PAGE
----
New Era Dilemma: Interpreting the Productivity-Growth Slowdown - TheStreet


JACKSON HOLE, Wyo. -- Fresh

productivity and cost

numbers for the nonfarm business sector were

released this morning.

A 4.7% increase in output less a 1.7% increase in hours worked yielded (roughly) a 2.9% increase in this measure of productivity last year. (Note that subtracting labor costs from compensation produces the same result; not all calculations are precise due to rounding.)

One wonders.

If productivity growth should level out or actually falter because additional technology synergies fail to materialize, or because output per hour has been less tied to technology in the first place, inflationary pressures could re-emerge, possibly faster than some currently perceive feasible.

For, obviously if productivity growth slows, unit labor costs would rise, first pressuring profit margins, and then prices. Indeed, we cannot rule out such a process if labor productivity growth simply levels out.

Will a central bank spitting out nuggets like that be happy to learn that productivity growth accelerated by only one-tenth of a percentage point between 1998 and 1999?

The acceleration in both compensation and unit labor costs we saw during the two to three years ended 1998 reversed last year.

Will they decelerate again this year? Has something meaningful changed?

Or will they reaccelerate? Was last year just a burp?

Side Note

The central-bank chief prefers the productivity and cost numbers from nonfinancial corporations (Table 6 in the

release) to the nonfarm business ones (Table 2) shown above.

Finally, because the measured level of productivity in the noncorporate business sector exhibits noncredible weakness for substantial spans of time, I believe data for the nonfinancial corporate sector afford a more accurate, though admittedly more narrow, measure of productivity performance. And here the numbers are still more impressive, nearly 3% on average over the past five years, and more than 4% over the past two. By this measure, productivity growth in the 1970s and 1980s also averaged about 1 3/4% per year. Moreover, the acceleration in productivity appears reasonably widespread among nonfinancial corporate firms beyond the high-tech industries themselves, even though gains in output per hour in the advanced technology companies have verged on the awesome.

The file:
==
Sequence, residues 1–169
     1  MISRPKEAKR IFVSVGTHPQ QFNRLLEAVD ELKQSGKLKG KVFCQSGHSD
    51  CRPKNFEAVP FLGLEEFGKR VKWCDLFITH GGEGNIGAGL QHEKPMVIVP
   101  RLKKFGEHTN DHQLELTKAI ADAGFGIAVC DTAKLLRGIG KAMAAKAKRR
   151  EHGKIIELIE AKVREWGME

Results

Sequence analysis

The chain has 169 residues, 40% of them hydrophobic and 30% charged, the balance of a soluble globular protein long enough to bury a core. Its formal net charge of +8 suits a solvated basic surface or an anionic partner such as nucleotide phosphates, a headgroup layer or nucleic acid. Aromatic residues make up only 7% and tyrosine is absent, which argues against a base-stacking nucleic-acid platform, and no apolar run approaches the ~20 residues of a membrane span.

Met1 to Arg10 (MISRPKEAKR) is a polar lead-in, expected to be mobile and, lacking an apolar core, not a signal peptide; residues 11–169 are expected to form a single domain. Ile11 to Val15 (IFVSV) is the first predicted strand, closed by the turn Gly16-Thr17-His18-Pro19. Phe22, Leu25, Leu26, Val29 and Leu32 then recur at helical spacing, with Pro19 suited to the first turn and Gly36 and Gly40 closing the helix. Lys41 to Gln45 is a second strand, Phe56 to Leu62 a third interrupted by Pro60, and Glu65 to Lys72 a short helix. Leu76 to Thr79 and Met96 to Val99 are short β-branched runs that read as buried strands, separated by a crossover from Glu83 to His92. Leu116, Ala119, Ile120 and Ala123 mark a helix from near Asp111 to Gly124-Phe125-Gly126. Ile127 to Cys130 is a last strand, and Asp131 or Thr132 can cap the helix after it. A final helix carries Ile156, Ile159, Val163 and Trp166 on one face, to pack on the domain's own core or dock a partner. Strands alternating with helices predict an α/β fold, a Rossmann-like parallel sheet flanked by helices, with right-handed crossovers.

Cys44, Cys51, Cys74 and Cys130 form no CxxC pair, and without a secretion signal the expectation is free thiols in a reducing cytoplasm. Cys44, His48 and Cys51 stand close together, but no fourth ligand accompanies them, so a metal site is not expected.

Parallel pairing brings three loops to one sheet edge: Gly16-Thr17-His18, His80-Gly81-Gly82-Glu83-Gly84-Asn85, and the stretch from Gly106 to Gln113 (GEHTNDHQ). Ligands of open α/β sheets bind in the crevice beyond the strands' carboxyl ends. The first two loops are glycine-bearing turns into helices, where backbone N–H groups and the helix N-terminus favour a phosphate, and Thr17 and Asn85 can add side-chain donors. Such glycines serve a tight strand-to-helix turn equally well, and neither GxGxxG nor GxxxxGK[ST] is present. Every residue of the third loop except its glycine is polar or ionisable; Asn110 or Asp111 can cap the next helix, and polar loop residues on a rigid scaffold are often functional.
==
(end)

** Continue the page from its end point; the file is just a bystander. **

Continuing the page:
Full-year 1999 numbers for this sector won't be available for a couple of months. We will write them up when they are.

Side Dish

Three things about rates.

(a) Forget the bond-two spread.

It has nothing meaningful to say.

Concentrate instead on the spread between the 10-year note and the three-month bill.

Also keep in mind that any given spread needs to persist over a substantial amount of time -- a quarter, say, not just a few weeks -- in order to contribute something meaningful about the fundamental economic outlook.

See this great

paper for more.

(b) Wise up.

The talk about the supply thing working against what the Fed's trying to do is ridiculous. The Treasury and the Fed do not have separate goals. They're working together to prevent stocks from crashing. The Fed has to get mean and drive rates up ... but Treasury can push some supply buttons to make things look less ugly.

And if you just can't believe that, email me your credit-card numbers and I will call you if I notice any suspicious activity.

These guys were way way ahead of markets on this one.

(c) You gotta be kidding.

Market participants who know when big bond moves are coming ... but who wait until they've passed to say anything?

What do you call them?

I eagerly await your write-ins.

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Corrections and Clarifications.